It would be next to impossible to ask the right questions on direct examination at a reorganization confirmation hearing without understanding the basics of farm finance and production. The farmer must demonstrate that the proposed plan is feasible, which will require testimony about production and finance. The lawyer must therefore understand crop yields and dairy production terms like “hundred weight” and “somatic cell count.”

    Identifying the Family Farm Client

    The very term “family farm” denotes an enterprise of more than one person.

    The enterprise may consist of a married couple, or one or both parents with one or more children. Sometimes the family is more extended, and includes grandchildren, aunts and uncles, or cousins. The operation may be organized as a corporation, an LLC, or a partnership. Often there is no written agreement and no separate tax return filed, but the operation consists of a pooling or sharing of assets, income, and resources.

    As with any business matter, it is important to identify the true client as early as possible. This is not always easy to do, though, until the goals and facts are known. For example, a family farm LLC may need legal representation if it is to proceed with a bankruptcy reorganization. On the other hand, if it is determined that a reorganization is not feasible, the LLC will not need representation, but its individual members likely will.

    Besides the usual co-debtors and guarantors which are required by lenders, farm families often pledge additional collateral for an enterprise of which the owner is not a member or shareholder. After all, that is what families do.

    Representing More than One Family Member

    It is often permissible under our Supreme Court Rules to represent more than one member of a family in a financial distress situation. Make certain to fully comply with the rules, including consultation, explanation, and informed consent. And put it all in writing.2

    Be sure to explain that the rules in bankruptcy are stricter. Avoid later surprises.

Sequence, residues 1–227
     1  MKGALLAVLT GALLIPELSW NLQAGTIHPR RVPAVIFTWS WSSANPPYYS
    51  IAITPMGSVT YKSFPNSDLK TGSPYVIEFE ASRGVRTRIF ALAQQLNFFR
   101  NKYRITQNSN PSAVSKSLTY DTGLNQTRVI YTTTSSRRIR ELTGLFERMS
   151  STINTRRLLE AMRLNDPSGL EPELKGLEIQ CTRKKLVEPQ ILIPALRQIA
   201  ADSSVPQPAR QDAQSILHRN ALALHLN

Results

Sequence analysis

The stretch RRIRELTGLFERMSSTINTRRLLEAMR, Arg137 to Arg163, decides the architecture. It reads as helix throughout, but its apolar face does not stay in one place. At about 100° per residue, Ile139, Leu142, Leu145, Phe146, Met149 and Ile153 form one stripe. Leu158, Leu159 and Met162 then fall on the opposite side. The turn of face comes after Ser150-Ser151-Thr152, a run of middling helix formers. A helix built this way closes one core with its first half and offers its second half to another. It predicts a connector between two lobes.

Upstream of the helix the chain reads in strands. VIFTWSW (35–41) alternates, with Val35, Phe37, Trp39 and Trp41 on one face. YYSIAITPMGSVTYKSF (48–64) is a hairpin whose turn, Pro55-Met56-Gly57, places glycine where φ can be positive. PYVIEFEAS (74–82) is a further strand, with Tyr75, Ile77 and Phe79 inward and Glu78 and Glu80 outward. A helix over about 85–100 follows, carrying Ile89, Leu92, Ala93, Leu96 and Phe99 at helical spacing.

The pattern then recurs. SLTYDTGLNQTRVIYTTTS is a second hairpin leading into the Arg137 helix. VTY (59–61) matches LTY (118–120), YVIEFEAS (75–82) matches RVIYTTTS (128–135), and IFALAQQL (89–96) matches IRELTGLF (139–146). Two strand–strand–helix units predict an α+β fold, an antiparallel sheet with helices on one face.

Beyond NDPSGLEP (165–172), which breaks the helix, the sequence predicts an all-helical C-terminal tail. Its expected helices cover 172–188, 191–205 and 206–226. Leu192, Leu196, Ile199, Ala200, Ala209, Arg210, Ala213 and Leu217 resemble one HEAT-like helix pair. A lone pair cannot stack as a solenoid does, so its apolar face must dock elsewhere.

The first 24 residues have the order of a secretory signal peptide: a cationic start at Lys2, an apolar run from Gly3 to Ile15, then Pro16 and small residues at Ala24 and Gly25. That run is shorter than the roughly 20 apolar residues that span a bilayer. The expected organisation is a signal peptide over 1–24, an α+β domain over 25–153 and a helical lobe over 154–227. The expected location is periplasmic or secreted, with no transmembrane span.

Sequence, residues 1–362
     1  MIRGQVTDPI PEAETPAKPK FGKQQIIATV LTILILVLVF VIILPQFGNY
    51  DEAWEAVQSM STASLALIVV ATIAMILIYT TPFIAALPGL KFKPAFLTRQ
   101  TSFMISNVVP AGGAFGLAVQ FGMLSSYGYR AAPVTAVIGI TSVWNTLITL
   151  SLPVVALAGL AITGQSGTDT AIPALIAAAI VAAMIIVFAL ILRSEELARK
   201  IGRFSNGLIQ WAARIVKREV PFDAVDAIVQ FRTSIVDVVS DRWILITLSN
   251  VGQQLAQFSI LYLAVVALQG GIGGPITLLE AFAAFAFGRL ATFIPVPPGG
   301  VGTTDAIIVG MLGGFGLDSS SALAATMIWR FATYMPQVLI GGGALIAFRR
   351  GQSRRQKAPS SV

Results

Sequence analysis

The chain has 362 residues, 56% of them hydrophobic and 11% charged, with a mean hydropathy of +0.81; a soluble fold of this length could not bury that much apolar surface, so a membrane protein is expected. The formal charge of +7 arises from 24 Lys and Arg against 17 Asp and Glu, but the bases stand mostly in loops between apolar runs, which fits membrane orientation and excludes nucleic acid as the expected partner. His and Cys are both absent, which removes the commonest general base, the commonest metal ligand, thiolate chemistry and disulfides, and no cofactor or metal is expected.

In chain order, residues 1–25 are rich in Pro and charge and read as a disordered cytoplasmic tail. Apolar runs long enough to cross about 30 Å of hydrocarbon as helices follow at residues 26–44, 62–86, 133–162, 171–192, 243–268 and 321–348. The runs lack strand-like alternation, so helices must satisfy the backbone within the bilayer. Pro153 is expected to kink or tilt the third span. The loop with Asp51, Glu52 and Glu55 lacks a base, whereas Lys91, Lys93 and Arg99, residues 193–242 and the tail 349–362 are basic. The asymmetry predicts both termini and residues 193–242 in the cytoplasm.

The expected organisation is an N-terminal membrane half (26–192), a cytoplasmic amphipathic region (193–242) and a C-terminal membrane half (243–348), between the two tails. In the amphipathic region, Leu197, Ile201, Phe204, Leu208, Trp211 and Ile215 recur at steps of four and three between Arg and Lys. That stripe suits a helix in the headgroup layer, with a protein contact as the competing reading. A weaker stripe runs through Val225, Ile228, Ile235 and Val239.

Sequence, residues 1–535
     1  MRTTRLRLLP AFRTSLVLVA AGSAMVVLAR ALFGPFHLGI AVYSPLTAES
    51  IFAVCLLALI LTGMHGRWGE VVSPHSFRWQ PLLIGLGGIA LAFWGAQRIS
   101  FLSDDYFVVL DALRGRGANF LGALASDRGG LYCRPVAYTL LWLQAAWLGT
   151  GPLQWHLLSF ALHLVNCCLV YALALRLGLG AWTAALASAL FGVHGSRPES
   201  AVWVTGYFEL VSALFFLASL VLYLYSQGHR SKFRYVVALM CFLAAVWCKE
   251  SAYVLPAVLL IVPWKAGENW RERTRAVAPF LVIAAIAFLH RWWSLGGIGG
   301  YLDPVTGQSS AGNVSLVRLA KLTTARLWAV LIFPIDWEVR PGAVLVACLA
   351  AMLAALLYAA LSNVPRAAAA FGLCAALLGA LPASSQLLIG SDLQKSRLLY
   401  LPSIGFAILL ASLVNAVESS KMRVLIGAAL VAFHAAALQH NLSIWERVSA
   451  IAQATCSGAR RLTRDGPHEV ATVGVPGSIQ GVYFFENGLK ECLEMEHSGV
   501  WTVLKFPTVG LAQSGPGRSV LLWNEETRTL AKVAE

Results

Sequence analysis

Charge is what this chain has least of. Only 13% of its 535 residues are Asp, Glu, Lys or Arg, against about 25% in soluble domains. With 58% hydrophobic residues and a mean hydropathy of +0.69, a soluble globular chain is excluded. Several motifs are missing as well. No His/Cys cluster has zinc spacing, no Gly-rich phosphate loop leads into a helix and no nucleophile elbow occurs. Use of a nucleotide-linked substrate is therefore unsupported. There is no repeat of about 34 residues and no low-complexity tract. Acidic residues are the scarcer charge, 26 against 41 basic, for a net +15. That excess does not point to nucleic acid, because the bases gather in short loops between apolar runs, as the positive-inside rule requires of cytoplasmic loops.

In fact, put as much as you can in writing, commemorating all the important points of your initial and subsequent meetings, strategies, and decisions. Remember, for the farm family this is their business and their way of life.

    Early-morning Emails

    These farm families are under a great deal of stress. I know they are up at night worrying because I see the emails they send at 2:40 a.m. or 3:15 a.m. Having your plan, and the reasons behind that plan, in writing might better allow them to reread and revisit your advice. They need their sleep. They work seven days a week to provide us with quality food.

    What’s your idea to help family farmers cope? Please let me know – I can be reached at (608) 258-8555 and at


    1 To qualify, the family must provide proof of continued ownership of the farm for 100 or 150 years, respectively. See the Wisconsin State Fair’s Century or Sesquicentennial Farm & Home Program website.

    2 See SCR 20:1.7 Conflicts of interest current clients.

    This article was originally published on the State Bar of Wisconsin’s Agriculture Law and Rural Practice Blog of the Solo/Small Firm & General Practice Section. Visit the State Bar sections or the Solo/Small Firm & General Practice Section web pages to learn more about the benefits of section membership.